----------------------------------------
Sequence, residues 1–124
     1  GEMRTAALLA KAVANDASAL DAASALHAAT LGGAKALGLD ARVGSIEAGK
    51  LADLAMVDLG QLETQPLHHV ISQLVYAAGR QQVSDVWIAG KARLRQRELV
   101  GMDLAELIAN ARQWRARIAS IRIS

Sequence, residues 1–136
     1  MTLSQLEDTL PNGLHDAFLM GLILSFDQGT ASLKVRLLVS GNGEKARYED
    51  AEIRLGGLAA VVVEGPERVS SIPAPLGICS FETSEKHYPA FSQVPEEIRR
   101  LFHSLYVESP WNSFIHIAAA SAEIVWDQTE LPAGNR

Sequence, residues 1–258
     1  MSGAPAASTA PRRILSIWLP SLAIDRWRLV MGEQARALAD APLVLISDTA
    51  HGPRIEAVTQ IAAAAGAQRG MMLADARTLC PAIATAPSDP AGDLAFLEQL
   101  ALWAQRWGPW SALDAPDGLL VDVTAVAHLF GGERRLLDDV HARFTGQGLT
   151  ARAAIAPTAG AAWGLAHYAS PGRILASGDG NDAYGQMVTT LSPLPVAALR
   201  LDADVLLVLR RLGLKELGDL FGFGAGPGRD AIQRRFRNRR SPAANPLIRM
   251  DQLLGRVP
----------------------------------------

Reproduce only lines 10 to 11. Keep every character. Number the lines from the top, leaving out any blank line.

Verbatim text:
     1  MSGAPAASTA PRRILSIWLP SLAIDRWRLV MGEQARALAD APLVLISDTA
    51  HGPRIEAVTQ IAAAAGAQRG MMLADARTLC PAIATAPSDP AGDLAFLEQL